“Also, the big waggles meant I looked up quite a lot with my body, so I lost my alignment. So I got distracted by my alignment, by the club face, as in how it was sitting. Obviously I could waggle and put the clubface down behind the ball in practice but when you’re under pressure …
“I remember at Hoylake a few years ago when it was slippy, you didn’t want to put the clubface within three inches of the ball because you were afraid of it moving. Obviously, because I was waggling a lot, I was getting distracted by it.”
Torrance has always advocated the use of the legs in the swing but Harrington has not moved away from that philosophy.
“No it’s all about the legs and the coil is there. I’m just not starting with the legs at the start of my backswing,” he said. “Last year I tried to reduce my hip turn but this is why I need Bob because, as he always says, you can’t hold anything back.
“This year I’m just starting the sequence differently so my hip turn comes later, so hip turn will not be reduced. It will look like it’s reduce but physically I’m not stopping my hips turning … it’s just they’re turning later in the swing, which means they are not turning as much. I am starting the swing by taking the club away with my arms.
“I like that. I notice where my knee will squat half an inch, where it used to squat maybe two inches, so it’s not gone. I actually quite like not waggling but I sometimes look up three times, which is going to be a distraction in itself until I get used to that.”
He’s not expecting to shoot the lights out straight away but hopes that he can bed in the changes through tournament play as he plays eight events before the Masters in April starting with back to back appearances in next week’s Abu Dhabi Championship and the inaugural Volvo Golf Champions in Bahrain the following week.
“There are always going to be teething problems when you bring these things out,” he said. “It’s like being a soccer player and spending six weeks learning how to kick the ball with your left foot.
“The first time the ball comes in during a match, you automatically try and switch it onto your stronger foot. How many times have we seen a soccer striker and wonder why he tried to switch it onto his strong foot. It’s hard to move away from it until you truly become adept at it.”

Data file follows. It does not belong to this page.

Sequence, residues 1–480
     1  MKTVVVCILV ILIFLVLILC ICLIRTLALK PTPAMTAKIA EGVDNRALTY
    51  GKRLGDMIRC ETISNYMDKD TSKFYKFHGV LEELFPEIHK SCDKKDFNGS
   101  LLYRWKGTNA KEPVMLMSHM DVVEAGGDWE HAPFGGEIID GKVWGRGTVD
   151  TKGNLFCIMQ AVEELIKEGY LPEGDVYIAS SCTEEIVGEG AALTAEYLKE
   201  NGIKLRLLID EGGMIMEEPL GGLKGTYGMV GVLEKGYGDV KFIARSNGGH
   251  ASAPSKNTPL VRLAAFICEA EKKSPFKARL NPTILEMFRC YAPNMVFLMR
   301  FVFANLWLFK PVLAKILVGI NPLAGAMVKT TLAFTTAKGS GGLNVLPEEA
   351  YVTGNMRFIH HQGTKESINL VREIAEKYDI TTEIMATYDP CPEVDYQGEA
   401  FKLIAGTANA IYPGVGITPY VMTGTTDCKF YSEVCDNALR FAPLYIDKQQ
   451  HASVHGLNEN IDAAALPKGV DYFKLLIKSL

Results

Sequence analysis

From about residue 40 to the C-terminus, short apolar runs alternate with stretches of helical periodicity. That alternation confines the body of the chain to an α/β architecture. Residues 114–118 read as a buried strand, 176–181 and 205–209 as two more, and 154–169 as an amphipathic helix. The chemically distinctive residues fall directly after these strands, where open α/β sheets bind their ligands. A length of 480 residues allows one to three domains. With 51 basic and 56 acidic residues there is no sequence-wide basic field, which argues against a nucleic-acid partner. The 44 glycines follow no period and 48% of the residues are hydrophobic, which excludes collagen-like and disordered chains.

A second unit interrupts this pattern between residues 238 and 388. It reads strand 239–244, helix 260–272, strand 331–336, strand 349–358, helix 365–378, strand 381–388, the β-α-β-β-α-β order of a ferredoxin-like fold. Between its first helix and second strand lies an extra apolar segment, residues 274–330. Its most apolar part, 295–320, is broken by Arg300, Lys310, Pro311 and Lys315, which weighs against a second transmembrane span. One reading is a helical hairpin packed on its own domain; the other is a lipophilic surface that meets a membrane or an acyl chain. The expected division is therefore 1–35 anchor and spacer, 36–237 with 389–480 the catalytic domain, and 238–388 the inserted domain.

Often wild off the tee, he’s making the changes so he can hit more fairways and greens, explaining: “I’m definitely looking for more accuracy with the driver and obviously, I’m always looking for a quality strike with the irons.”
However, he hasn’t changed his character and he is still keen to put something back into the game. As the R&A’s first ‘Working for Golf Ambassador’ he will coach young people in R&A-funded golf development programmes, appear in Rules of Golf multimedia productions, promote the etiquette of the game, take part in biomechanical equipment testing sessions and support the work of the R&A Foundation as he travels the world.
R&A Chief Executive Peter Dawson with Padraig HarringtonHe said: “There is no better sport for teaching young people the virtues they need to run their lives. Anyone who plays the game knows how important it is to stick the rules and the etiquette of the game.”
Harrington will celebrate his 40th birthday in August but he laughed off suggestions that he is on the slippery slope and insisted that he’s excited about the season ahead.
“I am always like this in January but I have never been more optimistic about my game and I truly think the best years are ahead of me,” he said. “I still feel like I am a young man and I am fitter and stronger than I have been at any stage of my life.
“I may be going into my 40th year but it won’t be too long before we are saying that I am going into my 50th year, so we will have to reflect at that stage.”
Feeling ultra-positive about the new campaign, he said: “If you offered me one win during the year I’d say no thank you. At the end of the year I might take your hand off but at the moment no, I’d want more.
“One major would make it a great year. But I wouldn’t take just one win and I’m keen to get out there and have a bumper year with plenty of wins.”